BBC marks fifty years since Operation Mural

David Littman (pictured with his wife Giselle and their first child ) spent several months in Morocco in 1961 planning Operation Mural

One anniversary has not gone unmarked by the BBC, of all broadcasters – the fiftieth anniversary of the smuggling of over 500 Jewish children from Morocco to Israel in Operation Mural. Last week, it was the subject of a 10-minute World Service Radio programme – Witness.

Mural was Mossad’s code-name for David Littman, whose cover was a public-school-educated Anglican gentleman, on tennis-playing terms with the British consul, and with excellent security contacts in Casablanca. His mission was to defy the Moroccan ban on Jews wishing to emigrate to Israel.

Yossi Shahar was one of the children smuggled out to what the Moroccan authorities thought was a holiday camp in Switzerland. In fact Switzerland was a way-station to Israel – and the children, although separated from their parents, had no intention of coming back home.

Alan Johnston – the BBC journalist who spent several months as an Army of Islam captive in Gaza – narrates the programme. All credit to producer Helena Selby who managed to surmount many obstacles in order to get this programme out on air.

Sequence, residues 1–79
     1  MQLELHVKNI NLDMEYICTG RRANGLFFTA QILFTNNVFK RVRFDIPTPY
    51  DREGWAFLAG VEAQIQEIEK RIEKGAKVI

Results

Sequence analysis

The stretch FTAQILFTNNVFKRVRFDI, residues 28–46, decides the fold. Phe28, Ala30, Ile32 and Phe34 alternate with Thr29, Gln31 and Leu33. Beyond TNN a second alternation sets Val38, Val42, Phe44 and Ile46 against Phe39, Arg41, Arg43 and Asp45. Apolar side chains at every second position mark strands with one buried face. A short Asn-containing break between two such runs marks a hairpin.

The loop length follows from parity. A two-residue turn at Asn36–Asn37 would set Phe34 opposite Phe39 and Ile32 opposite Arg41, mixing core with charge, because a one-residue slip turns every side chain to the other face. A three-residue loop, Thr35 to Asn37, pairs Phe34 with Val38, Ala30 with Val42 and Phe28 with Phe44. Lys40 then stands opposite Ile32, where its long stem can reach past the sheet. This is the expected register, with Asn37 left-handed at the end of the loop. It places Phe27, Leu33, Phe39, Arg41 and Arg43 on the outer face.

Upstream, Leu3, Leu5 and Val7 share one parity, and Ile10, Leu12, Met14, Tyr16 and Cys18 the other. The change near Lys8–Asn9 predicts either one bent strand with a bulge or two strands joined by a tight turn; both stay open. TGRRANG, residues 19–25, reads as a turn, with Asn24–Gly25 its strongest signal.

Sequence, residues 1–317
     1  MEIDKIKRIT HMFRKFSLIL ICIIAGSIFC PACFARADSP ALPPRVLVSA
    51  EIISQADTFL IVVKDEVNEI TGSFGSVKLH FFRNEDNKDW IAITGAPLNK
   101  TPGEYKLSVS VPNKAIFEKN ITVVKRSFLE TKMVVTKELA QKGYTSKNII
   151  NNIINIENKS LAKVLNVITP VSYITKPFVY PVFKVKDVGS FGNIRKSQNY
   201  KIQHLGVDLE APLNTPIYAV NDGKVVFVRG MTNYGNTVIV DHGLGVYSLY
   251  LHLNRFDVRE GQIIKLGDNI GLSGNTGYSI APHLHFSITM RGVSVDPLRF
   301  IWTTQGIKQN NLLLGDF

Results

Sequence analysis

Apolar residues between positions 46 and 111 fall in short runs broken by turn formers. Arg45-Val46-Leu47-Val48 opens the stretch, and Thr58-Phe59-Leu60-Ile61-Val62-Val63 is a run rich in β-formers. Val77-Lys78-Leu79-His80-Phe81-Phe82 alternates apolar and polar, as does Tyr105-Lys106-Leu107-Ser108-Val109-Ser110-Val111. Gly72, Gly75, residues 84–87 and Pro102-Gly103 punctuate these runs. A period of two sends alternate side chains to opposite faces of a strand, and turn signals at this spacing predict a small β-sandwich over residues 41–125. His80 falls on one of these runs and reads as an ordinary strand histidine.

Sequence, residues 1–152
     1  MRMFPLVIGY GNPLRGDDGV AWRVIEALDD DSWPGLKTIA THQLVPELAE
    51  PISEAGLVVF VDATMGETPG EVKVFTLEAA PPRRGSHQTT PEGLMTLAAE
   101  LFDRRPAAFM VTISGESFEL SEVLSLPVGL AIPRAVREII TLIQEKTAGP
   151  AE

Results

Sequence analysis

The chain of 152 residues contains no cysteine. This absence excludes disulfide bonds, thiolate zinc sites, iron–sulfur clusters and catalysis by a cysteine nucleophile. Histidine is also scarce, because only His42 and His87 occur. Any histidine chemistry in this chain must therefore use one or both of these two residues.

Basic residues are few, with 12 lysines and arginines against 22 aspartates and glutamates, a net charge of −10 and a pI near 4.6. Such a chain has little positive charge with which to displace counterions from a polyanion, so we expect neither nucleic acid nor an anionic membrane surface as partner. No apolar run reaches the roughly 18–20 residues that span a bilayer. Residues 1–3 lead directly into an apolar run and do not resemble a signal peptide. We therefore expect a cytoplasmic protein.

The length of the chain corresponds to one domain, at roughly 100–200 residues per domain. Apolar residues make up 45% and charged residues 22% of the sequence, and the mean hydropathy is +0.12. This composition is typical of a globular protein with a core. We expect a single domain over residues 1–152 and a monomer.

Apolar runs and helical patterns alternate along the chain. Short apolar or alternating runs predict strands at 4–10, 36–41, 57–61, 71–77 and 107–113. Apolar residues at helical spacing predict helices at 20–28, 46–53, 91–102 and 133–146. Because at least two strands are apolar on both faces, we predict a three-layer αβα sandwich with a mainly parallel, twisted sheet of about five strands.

BBC Witness programme (podcast)
Rescuer of 533 Moroccan children recognised at last


  • Where did you read the account where the children felt they had been kidnapped?
    From what I gather, it was the children who were most enthusiastic to go – parents were reluctant. Understandably so, as they did not know when they would see their children again.

  • There have been different versions of this story told. Some of the children felt as though they were kidknapped and reading this post helps me to understand the cirumstances surrounding this operaion and their perception of their "rescue", those whom experienced this can give their perspective without twisting the facts. I am interested to see what the majority of the children have to say.


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